The paint on the paper on the right had dried, so I applied a dark glaze over all of it to bring the value down closer to what it should be. This is always fun to do! It’s both simple and transformative. The photo has a glare at the top, so it’s hard to see, but it is darker! Now I can see more clearly what the finished painting will look like. After the glaze was down, I noticed that the folds all looked too soft- almost like cloth. I’ll need to add some sharper edges. Also, the color is too uniform. In reality, there are a lot of warm tones reflecting from the bowl and vase onto the paper. I’ll address these issues when I apply my next glaze.
I had another go at painting the paper on the right side in the light. With a base layer of paint set, I can now begin to make better judgements about color and form. The more that I have down on the canvas, the easier it is to spot errors. It’s always less trouble to correct an error than to make your first guess! For instance, If I have a tone down, it’s easy to compare that area to reality and see that it needs to be more yellow or more blue or lighter or darker. Or, if I have most of the wrinkles painted in, I can see if one of them is in the wrong position. Painting is all about comparing- both your painting to reality, and areas of the painting to other areas.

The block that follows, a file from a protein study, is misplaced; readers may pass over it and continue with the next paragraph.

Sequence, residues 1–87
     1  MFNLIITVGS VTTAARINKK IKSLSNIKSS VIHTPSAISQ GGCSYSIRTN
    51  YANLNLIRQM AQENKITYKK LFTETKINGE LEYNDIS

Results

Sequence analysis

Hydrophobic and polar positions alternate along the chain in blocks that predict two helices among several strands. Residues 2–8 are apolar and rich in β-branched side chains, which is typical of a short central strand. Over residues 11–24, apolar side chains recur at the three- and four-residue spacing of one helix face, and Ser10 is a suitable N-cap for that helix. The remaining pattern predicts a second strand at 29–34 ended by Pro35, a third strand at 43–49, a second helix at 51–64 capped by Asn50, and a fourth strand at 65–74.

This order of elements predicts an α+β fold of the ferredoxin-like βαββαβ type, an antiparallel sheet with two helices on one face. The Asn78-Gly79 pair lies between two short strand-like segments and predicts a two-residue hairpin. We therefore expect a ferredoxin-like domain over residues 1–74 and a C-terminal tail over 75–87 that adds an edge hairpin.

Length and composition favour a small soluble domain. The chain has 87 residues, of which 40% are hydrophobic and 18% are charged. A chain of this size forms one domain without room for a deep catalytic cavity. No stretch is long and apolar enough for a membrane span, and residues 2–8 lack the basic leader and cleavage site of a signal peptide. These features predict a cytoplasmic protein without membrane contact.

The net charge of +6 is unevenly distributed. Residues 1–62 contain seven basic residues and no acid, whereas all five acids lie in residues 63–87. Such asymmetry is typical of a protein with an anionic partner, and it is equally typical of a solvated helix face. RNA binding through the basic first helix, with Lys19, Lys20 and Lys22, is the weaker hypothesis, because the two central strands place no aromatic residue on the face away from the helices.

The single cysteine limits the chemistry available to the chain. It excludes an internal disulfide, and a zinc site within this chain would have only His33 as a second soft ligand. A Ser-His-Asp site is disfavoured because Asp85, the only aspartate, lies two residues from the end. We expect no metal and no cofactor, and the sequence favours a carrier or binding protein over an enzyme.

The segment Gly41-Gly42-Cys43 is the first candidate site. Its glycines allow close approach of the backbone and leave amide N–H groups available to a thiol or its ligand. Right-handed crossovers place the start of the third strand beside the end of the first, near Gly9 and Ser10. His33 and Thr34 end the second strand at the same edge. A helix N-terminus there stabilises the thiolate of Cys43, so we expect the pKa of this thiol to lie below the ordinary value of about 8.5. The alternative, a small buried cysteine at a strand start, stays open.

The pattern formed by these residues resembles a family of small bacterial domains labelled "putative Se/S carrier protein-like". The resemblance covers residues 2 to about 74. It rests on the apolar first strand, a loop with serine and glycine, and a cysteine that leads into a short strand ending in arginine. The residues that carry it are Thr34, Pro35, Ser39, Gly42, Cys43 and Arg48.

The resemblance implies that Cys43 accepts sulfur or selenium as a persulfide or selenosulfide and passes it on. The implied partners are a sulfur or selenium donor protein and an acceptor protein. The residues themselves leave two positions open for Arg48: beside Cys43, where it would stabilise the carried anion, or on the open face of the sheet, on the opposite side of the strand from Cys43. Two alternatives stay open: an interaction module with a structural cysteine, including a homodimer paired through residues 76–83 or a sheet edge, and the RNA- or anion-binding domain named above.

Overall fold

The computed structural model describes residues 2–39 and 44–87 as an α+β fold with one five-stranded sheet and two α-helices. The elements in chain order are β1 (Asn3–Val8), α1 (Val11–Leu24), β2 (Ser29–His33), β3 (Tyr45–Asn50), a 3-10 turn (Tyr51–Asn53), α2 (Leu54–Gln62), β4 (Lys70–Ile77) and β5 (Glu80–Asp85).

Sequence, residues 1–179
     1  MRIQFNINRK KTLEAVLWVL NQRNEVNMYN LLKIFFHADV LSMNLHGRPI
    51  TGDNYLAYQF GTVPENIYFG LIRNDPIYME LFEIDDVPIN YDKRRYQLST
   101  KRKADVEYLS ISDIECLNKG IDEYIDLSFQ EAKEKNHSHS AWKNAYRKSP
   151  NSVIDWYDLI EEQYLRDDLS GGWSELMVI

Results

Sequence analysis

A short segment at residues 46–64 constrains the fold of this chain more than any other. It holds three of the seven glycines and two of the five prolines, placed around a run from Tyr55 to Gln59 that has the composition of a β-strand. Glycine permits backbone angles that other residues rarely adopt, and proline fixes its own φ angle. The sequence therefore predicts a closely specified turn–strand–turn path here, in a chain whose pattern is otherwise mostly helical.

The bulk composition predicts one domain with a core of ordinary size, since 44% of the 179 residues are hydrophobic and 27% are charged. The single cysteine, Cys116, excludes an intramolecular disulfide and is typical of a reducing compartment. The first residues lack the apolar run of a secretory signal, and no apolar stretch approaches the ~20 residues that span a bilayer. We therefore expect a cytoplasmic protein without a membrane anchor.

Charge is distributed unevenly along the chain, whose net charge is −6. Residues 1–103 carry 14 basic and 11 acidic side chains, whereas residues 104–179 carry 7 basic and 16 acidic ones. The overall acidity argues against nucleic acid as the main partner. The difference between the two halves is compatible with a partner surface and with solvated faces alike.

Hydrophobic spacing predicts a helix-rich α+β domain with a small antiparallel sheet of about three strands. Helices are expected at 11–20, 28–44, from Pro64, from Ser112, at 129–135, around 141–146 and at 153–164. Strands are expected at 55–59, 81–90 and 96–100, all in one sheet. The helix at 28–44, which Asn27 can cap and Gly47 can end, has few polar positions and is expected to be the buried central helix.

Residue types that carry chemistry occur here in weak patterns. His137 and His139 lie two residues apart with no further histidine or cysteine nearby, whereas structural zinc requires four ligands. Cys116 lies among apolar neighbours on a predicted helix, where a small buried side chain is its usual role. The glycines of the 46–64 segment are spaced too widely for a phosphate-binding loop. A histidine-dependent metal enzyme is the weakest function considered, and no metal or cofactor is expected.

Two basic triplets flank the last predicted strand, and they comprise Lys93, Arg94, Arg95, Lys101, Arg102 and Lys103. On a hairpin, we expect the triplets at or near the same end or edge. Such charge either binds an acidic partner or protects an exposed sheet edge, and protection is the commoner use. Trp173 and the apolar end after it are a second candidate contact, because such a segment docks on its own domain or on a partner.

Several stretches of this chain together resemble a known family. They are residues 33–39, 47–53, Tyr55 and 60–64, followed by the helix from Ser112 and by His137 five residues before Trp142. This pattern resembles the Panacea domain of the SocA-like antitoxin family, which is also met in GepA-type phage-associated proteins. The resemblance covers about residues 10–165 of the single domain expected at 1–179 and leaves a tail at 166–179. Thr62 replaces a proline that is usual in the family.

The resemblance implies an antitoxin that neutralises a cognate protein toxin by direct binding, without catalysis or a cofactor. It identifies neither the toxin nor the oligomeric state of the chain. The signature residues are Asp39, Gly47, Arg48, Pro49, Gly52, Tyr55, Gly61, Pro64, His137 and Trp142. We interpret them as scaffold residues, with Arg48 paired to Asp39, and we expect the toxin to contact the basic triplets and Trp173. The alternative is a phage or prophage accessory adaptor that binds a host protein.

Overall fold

I softened the transitions between dark and lighter areas and between different colors. It’s easy to fall back on laying one tone next to another with a hard edge between them. Reality seldom looks like that! There is usually a blended area between tones. How much depends on the nature of the material. A soft cloth will have very gradual transitions between tones, whereas a fold in paper will have sharper ones.
Above, you can see that I’ve almost finished the decorations on the vase. I painted the S-shaped designs at the top. I’ve saved working on the delicate transitions from light to dark on the body of the vase until the values of the background are set.